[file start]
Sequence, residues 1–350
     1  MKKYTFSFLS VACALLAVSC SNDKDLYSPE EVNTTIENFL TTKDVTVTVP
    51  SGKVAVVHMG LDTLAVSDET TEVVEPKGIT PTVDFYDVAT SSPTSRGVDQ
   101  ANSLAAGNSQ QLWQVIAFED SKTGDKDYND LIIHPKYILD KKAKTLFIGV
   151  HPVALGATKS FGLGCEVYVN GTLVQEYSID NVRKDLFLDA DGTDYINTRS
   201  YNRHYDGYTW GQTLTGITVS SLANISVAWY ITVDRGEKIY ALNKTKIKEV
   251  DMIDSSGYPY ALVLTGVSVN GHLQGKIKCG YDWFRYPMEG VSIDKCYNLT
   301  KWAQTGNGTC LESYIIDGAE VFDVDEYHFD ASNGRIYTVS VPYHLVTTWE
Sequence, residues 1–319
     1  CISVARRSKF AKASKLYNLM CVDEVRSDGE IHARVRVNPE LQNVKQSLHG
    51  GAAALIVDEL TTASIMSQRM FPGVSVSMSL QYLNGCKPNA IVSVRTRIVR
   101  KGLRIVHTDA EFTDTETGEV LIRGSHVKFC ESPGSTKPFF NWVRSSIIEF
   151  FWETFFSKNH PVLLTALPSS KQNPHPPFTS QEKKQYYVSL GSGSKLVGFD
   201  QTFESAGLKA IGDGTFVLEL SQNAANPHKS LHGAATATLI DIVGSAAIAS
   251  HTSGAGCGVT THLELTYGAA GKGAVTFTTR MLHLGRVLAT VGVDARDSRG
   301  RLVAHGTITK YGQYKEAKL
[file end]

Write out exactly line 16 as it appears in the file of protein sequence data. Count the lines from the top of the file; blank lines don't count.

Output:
   301  RLVAHGTITK YGQYKEAKL